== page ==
Bipartisan effort in WA legislature to protect net neutrality
The Seattle Times reports on a bi-partisan bill in the Washington legislature that would preserve net neutrality rules that were recently tossed out by the Trump administration. The bill is co-sponsored by a Republican from Bainbridge Island. “Net-neutrality protections help everyone: entrepreneurs, consumers, teachers, everyone.”
Alberta and British Columbia brawl over pipeline
Alberta and British Columbia are at odds over the proposed TransMountain pipeline that would take crude from Alberta’s tar sands to a port near Vancouver. BC premier Horgan has proposed tougher oil spill regulations that could hamper the project. In retaliation, Alberta’s government is threatening to reduce how much electricity it buys from BC. Meanwhile, Canadian prime minister Trudeau repeated his vow to build the pipeline.
Federal tax bill could cost Oregon budget $200 million
OPB reports on how the recent US tax bill could leave Oregon’s state budget with a shortfall of $200 million. In addition, many Oregon taxpayers will feel the bite of new rules limiting how much state income tax can be deducted on IRS returns. Similarly, Idaho is facing the prospect of state income tax hikes of $119 million.
When a ride-share leads to harassment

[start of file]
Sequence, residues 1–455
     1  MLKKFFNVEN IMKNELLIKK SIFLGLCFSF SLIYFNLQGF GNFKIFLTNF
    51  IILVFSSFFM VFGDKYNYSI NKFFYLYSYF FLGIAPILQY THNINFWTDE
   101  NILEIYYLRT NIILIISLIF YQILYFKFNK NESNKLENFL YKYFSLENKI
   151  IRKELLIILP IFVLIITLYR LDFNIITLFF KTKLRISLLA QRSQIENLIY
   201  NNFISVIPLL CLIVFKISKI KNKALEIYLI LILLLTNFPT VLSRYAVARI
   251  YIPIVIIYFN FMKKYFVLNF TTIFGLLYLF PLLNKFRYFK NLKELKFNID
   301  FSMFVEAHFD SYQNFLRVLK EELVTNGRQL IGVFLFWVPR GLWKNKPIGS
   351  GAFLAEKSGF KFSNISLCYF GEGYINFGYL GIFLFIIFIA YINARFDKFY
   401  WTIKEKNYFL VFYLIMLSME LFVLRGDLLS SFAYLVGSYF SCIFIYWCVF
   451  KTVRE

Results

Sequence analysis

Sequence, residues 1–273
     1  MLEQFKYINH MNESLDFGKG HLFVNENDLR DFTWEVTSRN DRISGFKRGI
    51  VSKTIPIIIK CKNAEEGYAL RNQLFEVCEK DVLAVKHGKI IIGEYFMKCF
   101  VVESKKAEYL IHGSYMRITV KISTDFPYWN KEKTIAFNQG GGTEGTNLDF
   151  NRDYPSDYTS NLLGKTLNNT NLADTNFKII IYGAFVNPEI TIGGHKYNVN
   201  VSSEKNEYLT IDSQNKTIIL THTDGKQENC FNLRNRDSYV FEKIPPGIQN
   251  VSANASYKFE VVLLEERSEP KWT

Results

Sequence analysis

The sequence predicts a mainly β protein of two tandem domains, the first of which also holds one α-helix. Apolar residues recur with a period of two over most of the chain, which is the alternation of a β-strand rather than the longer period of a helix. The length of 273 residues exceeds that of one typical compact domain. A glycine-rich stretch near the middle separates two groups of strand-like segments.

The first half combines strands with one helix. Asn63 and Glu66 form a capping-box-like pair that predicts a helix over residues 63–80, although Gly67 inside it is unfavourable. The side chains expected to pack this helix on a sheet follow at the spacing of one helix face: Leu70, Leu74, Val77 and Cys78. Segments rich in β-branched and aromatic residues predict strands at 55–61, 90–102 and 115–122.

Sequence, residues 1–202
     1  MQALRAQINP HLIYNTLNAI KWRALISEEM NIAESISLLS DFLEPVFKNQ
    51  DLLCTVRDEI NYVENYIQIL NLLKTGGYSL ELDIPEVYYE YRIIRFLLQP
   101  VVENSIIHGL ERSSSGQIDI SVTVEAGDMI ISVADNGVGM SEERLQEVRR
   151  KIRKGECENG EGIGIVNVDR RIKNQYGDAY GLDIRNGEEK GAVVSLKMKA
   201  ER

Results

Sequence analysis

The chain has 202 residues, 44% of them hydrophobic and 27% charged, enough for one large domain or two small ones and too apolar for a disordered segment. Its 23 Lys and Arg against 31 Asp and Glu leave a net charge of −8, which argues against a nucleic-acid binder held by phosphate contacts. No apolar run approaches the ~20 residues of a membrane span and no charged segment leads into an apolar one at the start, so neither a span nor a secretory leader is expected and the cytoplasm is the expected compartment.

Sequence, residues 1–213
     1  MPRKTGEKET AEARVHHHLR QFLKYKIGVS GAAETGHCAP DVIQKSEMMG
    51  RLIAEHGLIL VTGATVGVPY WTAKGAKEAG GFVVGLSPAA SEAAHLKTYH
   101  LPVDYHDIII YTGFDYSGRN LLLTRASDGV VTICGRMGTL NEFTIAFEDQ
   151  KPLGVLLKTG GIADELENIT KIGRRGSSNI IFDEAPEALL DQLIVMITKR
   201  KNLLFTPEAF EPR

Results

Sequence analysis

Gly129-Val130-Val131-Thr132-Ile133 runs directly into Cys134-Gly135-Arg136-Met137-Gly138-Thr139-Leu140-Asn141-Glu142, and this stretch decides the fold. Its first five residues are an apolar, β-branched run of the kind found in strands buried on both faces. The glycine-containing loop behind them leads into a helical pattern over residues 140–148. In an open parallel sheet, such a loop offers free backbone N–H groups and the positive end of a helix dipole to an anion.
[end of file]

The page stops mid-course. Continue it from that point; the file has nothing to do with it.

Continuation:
Seattle writer Kristen Millares Young writes for Crosscut about the time a Lyft ride turned ugly and a driver aggressively hit on her, shattering her trust in the company. “Keep your wits about you, you urge yourself. Show fear, and he’ll maintain the upper hand.” Meanwhile, a bill in the WA legislature would require background checks for ride-share drivers.
Anosh Irani on persistence in the craft of art
In an essay at Granta, Vancouver-based writer Anosh Irani, author of the The Parcel, a nominee for the Governor General’s Award, explores what keeps him going through the creative process. Comparing the writing of a novel to the obsessive protagonist of Werner Herzog’s film Fitzcaraldo, Irani sees art rooted in suffering: “The interiority that we keep speaking of in fiction is built on pain – and the character’s resulting search thereof. The story’s movement is toward healing (not redemption).”
An interview with poet laureate Claudia Castro Luna
At the South Seattle Emerald, Seattle poet Paul Nelson interviews Claudia Castro Luna, the incoming Washington state poet laureate. In the first of a two-part series, Castro Luna talks about her experience as Seattle’s civic poet, and her Seattle Poetic Grid project that matched poems to locations throughout the city. “Everybody’s equal on the map. You can’t see the topography of it, you know? The map is flat, so everybody exists on the same plane…”
That’s all for today from Cascadia Daily world headquarters in Seattle! –Andrew Engelson
Photo credit: Washington Legislative Building by Wikimedia Commons user Cacophony CC BY-SA 3.0